5. Once you’ve named names, plant doubt

One of the greatest drawbacks of implication through juxtaposition is that it’s hard to erase from memory. The Financial Times, for instance, wrote that the “BBC said there was nothing illegal in the investments and no suggestion that the Queen was not paying tax. But it said questions might be asked about whether the monarch should be investing offshore.” It almost sounds as if it exonerates her, but really we’re left with the questions that “might be asked.”

6. Juxtapose other hot topics that also imply wrongdoing

AP’s coverage focused mostly on U.S. Commerce Secretary Wilbur Ross and the potential connections his investments may have to Russia. But the main reason that could matter now is the ongoing Russia investigations, which the outlet specifically cites. So it’s easy to connect the dots: Ross + Putin + Trump = collusion. Except nothing has been proven in a court of law.

7. Don’t question the object at hand

Are offshore accounts bad or problematic for society? Is it bad for people to avoid paying taxes if it doesn’t break any laws? Do people have a right to keep their financial records private, or is society entitled to pry? Were these leaks lawful, or do they violate the rights of these companies and their clients?

The media could encourage a rational conversation about taxes, offshore accounts and privacy rights, providing data that can help us evaluate the pros and cons in each case (click here for more on this). However, the above mechanisms foment a lack of critical evaluation of these topics, and they summon the court of public opinion to rule on the guilt or innocence of the people involved. It’s always possible that the investigation could expose some type of criminal activity, but remember, no wrongdoing has been proven at this point.

The presumption of innocence is a fundamental right in modern democracies, and is guaranteed by the U.N.’s Universal Declaration of Human Rights. In a value-based system, it’s more efficient and ethical to presume a person’s innocence until proof of guilt is presented beyond a reasonable doubt. There’s a reason the U.S. justice system adheres to this principle, and why it would be optimal for the media to do so too.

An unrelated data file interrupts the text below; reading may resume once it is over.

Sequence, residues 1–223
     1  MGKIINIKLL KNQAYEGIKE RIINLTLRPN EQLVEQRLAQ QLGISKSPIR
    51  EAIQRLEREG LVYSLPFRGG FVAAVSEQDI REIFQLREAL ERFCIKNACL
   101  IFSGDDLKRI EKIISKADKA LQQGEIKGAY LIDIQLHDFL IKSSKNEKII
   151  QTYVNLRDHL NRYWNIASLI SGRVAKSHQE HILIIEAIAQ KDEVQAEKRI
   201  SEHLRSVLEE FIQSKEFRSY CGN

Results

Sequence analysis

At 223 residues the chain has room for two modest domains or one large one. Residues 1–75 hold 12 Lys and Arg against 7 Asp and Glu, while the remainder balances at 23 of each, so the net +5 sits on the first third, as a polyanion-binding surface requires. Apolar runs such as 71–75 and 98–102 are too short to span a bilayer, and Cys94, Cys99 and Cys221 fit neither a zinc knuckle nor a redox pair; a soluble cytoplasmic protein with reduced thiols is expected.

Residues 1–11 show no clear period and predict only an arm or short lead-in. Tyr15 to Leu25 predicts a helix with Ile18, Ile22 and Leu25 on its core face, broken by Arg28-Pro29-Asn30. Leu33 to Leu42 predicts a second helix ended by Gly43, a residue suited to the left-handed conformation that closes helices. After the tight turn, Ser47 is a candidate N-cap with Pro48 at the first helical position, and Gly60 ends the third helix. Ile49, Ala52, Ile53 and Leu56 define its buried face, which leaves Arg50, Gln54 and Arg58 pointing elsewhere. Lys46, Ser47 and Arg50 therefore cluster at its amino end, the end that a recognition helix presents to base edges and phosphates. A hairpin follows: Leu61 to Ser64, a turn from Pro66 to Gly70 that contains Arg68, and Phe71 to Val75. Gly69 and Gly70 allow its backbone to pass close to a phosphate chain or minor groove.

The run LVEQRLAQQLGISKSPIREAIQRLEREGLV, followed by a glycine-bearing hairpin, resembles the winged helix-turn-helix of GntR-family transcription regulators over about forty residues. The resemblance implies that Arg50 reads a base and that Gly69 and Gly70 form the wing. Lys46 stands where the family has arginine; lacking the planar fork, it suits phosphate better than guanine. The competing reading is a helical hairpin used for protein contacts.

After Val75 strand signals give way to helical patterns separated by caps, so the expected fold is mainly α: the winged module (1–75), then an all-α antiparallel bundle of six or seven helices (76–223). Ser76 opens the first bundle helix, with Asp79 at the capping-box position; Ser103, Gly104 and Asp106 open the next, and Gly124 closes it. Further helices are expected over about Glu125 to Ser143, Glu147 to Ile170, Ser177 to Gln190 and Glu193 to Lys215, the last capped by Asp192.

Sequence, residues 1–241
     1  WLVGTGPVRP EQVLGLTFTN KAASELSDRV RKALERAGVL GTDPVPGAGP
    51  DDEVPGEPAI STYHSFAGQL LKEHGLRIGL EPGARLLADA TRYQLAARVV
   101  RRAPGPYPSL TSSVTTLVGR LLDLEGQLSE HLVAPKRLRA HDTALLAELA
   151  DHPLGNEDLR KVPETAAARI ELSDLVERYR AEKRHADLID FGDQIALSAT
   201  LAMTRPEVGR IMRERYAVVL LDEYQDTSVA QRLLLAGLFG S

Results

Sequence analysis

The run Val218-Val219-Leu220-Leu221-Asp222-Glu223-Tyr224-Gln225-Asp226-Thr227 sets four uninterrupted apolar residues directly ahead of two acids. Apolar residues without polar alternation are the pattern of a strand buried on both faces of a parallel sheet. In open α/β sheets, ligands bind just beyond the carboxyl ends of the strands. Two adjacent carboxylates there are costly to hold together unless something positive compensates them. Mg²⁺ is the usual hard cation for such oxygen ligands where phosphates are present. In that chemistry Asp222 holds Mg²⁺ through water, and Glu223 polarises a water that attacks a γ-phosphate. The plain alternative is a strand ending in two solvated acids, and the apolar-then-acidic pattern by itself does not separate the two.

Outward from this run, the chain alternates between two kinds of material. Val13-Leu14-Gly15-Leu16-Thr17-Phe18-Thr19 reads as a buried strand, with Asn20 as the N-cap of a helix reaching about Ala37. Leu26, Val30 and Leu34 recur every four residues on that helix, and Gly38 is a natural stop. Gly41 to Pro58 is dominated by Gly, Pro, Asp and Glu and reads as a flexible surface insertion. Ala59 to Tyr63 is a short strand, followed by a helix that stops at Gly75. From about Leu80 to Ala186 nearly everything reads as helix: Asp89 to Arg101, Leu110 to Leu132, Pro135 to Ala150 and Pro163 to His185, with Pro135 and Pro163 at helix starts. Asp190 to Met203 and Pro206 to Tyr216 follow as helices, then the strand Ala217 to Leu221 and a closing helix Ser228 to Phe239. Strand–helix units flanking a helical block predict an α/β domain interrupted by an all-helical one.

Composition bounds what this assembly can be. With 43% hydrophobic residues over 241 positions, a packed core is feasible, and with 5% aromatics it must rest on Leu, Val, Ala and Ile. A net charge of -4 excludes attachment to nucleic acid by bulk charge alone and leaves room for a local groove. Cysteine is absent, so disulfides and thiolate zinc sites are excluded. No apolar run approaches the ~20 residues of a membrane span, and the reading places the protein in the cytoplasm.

Is it fact or fiction? Which outlet presents the most spin?

  • 40% Spun

  • 45% Spun

  • 49% Spun

  • 62% Spun


Associated Press

“Critics of the widening gap between the super-wealthy and the rest have seized upon the use of tax havens as revealed in the Panama Papers as evidence of a crisis, and governments have promised to crack down.”

Some people are critical of the use of offshore financial centers. Some countries are addressing the use of “tax havens,” such as Australia, whose Tax Office is investigating over 800 Australian clients named in the Panama Papers.

Financial Times

“The Guardian said the data also revealed extensive offshore dealings by Donald Trump’s cabinet members, advisers and donors …”

The “Paradise Papers” show some of Trump’s cabinet members, advisers and donors have offshore financial dealings.

BBC News

“[Offshore financial centers] say they do not sit on hoards of cash, but act as agents that help pump money around the globe.”

BBC writes, “The Boston Consulting Group says $10tn is held offshore.” None of the outlets we analyzed provide the facts to support the rest of BBC’s statement.

Fact Comparison

  • Facts in only 1 source
  • Facts in 2 sources
  • Facts in 3 sources
  • Facts in all sources

Appleby, in a public statement on Oct. 24, after inquiries from ICIJ, said that it was “subject to frequent regulatory checks” in “highly regulated jurisdictions.” (The New York Times)

Only the Times mentions that Appleby is subject to “frequent regulatory checks,” which means a regulatory process exists for such offshore service providers. However, the Times doesn’t mention the “Paradise Papers” show that Appleby has been identified as having “flawed compliance procedures” in 12 confidential audits conducted over a 10-year period.